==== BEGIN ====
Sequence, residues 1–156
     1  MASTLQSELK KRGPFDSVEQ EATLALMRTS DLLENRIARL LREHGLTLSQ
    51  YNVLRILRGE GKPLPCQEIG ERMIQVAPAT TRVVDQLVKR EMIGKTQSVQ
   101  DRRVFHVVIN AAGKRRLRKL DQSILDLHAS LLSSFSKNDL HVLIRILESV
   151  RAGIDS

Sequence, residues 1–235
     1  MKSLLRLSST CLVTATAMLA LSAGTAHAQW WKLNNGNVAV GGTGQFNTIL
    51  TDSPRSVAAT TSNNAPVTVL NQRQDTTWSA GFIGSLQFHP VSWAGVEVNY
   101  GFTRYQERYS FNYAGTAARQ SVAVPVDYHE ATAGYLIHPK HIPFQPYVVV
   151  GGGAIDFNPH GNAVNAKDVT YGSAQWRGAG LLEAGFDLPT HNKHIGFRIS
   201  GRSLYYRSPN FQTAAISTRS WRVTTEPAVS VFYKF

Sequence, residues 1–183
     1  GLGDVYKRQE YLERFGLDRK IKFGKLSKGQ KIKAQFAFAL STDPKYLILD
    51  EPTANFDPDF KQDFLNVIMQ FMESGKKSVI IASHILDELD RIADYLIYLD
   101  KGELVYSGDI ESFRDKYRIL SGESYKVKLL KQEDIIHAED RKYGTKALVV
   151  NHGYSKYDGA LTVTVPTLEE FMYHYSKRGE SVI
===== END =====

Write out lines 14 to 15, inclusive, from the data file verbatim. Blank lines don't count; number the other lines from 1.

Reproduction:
    51  EPTANFDPDF KQDFLNVIMQ FMESGKKSVI IASHILDELD RIADYLIYLD
   101  KGELVYSGDI ESFRDKYRIL SGESYKVKLL KQEDIIHAED RKYGTKALVV